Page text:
Why Most People Don’t Read History: Vicksburg Edition

Occasionally I encounter sentences or whole paragraphs that make me shake my head a little.  These are passages which I would expect the average reader to have difficultly digesting: run-on monstrosities, bludgeoning via thesaurus, or simply so many different references as to cause mental overload.  Let me present the latest:

“After reaching Jackson on the thirteenth, Johnston went to the Bowman House hotel where he received a report from Gregg.  Gregg told him Pemberton’s location and then commented, erroneously, about Sherman being at Clinton with four divisions.”
Vicksburg: The Campaign That Opened The Mississippi by Michael Ballard (p. 274)

Eight mentions of seven different named people or places in the span of two sentences.


Was It A Civil War?

Americans generally refer to their 1861-1865 war as The Civil War.  More technically it is the American Civil War (ACW) to differentiate from all the other civil wars.  Citizens of the USA call themselves “Americans” although really the term could be applied to anyone from North or South America so perhaps it should really be the United States Civil War (but nobody calls it that).  The horribly generic “War of Rebellion” was used for the official title of the published records of both sides, more commonly referred to as the OR (Official Records – shorthand for the wordy The War of the Rebellion: a Compilation of the Official Records of the Union and Confederate Armies).  Some folks, particularly in the South, prefer other names so they can avoid calling it a civil war.  War Between The States is the most common term and was championed (albiet not until after the war) by many ex-Confederates.  The more embittered types call it the War of Northern Aggression, Second American Revolution, or War for Southern Independence.  More accurate and unbiased terms like the Union-Confederate War, War of the Southern Rebellion, War of the Confederate Rebellion, or (my personal favorite) War of the Southern Secession don’t seem to have much traction.

Although I still usually call it the Civil War because that is the most common name for it, I have come to dislike the term.  The Roundheads and the Cavaliers fought an English Civil War.  The Catholics and Protestants fought an Irish Civil War.  The Spanish had a civil war in the 1930s, the Chinese in the 1930s and 1940s, and the Lebanese in the 1980s.  What do all of those wars have in common?  Whichever side won would control the entire country.  That was not the case in the American Civil War; if the CSA had won they would have achieved independence from the USA.  Rebellion, revolution, war of secession, or war of independence would all be far more correct.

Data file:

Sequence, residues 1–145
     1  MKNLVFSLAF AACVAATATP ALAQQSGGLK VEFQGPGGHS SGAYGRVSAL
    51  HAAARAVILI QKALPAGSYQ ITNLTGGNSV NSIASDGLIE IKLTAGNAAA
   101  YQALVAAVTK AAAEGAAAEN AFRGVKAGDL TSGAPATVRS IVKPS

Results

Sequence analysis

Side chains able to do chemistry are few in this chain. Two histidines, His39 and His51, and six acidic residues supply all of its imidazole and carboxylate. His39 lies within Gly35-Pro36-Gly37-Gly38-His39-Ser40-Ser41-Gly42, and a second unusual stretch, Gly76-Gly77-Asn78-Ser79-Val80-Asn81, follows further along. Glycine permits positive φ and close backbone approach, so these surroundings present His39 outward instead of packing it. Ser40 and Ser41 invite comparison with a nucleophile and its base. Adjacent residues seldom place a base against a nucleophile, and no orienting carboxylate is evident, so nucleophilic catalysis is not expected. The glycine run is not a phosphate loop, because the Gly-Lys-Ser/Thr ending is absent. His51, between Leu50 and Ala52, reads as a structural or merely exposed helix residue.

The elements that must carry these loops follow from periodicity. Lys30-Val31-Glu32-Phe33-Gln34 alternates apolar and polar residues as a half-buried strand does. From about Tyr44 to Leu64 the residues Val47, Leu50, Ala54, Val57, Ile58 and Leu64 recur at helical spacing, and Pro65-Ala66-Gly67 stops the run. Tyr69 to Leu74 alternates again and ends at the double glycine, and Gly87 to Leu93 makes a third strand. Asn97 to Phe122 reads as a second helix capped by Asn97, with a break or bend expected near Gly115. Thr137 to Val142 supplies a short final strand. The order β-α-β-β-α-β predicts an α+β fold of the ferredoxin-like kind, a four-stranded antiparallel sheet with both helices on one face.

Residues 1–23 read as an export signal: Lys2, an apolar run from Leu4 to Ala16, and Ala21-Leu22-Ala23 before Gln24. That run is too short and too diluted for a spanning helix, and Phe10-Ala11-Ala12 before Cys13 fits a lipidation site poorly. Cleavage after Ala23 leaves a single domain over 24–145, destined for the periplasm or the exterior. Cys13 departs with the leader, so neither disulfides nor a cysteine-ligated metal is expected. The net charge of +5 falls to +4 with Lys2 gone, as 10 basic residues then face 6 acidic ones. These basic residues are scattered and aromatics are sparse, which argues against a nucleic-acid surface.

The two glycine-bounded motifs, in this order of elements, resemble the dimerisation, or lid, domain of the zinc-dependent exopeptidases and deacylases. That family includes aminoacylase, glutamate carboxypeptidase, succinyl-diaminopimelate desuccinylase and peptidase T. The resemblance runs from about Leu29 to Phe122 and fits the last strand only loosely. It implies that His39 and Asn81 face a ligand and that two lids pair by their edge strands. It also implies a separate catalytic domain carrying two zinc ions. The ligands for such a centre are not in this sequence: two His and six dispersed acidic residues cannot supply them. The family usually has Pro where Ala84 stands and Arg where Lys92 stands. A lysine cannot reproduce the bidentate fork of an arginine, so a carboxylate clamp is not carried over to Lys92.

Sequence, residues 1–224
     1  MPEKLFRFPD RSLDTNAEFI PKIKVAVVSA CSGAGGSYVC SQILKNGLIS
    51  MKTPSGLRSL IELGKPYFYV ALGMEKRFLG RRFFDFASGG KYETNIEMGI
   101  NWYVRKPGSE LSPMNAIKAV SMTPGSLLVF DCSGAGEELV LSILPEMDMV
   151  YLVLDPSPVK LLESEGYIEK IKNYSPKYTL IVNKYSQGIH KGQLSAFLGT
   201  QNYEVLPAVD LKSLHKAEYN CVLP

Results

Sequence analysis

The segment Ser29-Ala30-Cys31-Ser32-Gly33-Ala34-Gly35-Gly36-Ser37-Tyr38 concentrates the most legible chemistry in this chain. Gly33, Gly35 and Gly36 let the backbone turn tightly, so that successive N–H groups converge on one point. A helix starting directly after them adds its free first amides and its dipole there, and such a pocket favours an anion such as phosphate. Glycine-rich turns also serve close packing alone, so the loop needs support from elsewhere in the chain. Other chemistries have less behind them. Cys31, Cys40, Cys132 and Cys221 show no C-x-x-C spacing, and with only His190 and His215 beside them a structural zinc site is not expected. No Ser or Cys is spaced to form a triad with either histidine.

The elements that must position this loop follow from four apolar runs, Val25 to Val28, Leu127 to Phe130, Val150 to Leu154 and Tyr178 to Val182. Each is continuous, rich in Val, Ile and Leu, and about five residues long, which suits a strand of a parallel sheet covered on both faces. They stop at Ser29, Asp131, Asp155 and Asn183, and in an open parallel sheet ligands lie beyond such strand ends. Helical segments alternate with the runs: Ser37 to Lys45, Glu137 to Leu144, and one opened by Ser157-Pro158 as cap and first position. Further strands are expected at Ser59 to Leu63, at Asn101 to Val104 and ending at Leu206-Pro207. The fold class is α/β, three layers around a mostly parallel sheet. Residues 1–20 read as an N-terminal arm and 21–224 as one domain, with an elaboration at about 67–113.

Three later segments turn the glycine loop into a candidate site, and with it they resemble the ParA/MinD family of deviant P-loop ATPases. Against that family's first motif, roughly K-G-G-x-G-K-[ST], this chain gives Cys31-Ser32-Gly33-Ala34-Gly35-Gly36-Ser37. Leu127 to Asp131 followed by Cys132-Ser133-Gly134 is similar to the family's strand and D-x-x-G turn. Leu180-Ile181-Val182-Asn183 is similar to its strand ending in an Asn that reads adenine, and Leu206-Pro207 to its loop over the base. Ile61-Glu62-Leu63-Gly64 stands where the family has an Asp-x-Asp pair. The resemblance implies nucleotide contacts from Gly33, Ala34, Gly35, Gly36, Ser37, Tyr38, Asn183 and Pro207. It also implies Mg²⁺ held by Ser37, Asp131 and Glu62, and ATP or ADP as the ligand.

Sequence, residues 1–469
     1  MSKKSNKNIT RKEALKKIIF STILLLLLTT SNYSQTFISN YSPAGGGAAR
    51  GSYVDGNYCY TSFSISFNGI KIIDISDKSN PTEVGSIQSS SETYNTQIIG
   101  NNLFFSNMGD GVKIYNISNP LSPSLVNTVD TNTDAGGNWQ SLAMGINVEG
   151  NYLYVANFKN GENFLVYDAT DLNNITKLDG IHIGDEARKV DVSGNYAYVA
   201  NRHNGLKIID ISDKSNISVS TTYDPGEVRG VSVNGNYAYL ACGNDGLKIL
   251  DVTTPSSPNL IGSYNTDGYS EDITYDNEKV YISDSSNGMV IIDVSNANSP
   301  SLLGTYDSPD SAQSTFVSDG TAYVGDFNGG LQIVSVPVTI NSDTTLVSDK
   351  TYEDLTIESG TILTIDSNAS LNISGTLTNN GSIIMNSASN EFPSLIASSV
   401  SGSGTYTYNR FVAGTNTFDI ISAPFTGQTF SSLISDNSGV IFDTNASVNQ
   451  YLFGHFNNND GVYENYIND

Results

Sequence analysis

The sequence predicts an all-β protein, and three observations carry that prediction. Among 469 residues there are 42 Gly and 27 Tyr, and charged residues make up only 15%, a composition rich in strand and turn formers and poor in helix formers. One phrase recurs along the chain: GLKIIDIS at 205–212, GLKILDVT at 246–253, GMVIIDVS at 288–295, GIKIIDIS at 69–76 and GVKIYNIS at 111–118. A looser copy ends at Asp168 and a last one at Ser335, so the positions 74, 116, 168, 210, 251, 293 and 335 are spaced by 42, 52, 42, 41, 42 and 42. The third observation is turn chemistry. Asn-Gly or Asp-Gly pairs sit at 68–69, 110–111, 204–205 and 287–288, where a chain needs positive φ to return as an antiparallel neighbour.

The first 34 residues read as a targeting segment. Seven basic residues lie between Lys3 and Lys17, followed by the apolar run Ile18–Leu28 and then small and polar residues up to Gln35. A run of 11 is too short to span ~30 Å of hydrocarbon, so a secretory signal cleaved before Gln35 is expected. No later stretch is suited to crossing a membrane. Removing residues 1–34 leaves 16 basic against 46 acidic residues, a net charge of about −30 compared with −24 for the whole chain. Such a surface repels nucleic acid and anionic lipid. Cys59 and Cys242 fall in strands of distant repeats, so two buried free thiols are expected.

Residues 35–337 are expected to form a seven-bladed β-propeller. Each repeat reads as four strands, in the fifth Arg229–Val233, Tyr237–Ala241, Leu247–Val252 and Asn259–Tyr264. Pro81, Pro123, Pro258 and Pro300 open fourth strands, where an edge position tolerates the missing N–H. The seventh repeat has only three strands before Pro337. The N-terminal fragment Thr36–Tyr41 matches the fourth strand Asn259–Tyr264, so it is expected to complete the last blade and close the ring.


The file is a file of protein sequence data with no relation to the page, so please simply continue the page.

Of course, the other side is fuzzy too.  The American Revolution (of 1776 fame) included an aspect of civil war, with Tory/Loyalists who stood by England during what was otherwise clearly a war for independence.  The French Revolution was actually a civil war between several factions which can be oversimplified as pro-monarchy and anti-monarchy.  The Russian Revolution was very much a civil war between reds (communists) and whites (monarchists and democrats).  The term “revolution” itself is a bit murky since it can refer to a something that may or may not be sudden.  Merriam-Webster offers both “a sudden, radical, or complete change” and “a fundamental change in political organization, especially the overthrow or renunciation of one government or ruler and the substitution of another by the governed.”  Perhaps it is best to say that revolutions often trigger civil wars.

Merriam-Webster broadly defines a civil war as “a war between opposing groups of citizens of the same country” which would encompass both struggles for total control of a country and attempted independence by part of a country.  I do not like that both types of war are lumped together under a single term like that, but going by the dictionary the common usage of American Civil War is correct.

The war was commonly called a civil war before and during the years it was fought.  Lincoln repeatedly used called it a civil war, perhaps most famously in the Gettysburg Address.  The term at the time was not solely used by the North.  After Lincoln’s election, the Vicksburg Daily Whig referred to “disunion, with all its attendant horrors of rapine, murder, and Civil War…”